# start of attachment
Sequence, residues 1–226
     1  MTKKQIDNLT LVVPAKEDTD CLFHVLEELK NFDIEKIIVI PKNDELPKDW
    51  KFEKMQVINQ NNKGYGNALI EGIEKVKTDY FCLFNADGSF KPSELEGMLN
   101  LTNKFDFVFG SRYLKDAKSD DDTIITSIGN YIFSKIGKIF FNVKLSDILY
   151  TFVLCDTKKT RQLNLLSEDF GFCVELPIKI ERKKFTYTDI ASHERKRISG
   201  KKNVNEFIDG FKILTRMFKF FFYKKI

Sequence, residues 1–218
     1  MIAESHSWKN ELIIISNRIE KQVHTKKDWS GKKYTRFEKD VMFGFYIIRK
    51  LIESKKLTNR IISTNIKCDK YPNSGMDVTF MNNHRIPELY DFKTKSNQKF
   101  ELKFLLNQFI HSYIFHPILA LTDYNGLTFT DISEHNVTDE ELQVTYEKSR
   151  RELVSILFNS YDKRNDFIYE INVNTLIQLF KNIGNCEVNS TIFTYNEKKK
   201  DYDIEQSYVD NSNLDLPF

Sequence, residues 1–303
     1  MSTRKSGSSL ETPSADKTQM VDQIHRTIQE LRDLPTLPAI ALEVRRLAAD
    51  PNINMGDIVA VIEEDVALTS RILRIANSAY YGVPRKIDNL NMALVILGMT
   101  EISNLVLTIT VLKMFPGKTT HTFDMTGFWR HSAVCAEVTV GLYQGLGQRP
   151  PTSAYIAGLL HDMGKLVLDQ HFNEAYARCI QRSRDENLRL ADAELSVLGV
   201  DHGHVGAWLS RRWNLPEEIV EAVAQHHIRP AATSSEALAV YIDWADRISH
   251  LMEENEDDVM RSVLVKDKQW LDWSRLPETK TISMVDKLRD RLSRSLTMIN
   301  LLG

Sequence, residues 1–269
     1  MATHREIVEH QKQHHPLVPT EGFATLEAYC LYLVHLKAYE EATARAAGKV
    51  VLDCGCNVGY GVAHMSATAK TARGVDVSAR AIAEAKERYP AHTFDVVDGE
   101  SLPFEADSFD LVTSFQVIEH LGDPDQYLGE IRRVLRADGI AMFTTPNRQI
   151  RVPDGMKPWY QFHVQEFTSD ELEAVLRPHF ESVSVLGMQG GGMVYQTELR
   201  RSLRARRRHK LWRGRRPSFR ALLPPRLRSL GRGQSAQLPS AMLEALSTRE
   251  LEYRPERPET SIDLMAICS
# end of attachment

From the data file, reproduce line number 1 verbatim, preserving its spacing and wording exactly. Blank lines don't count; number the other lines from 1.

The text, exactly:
Sequence, residues 1–226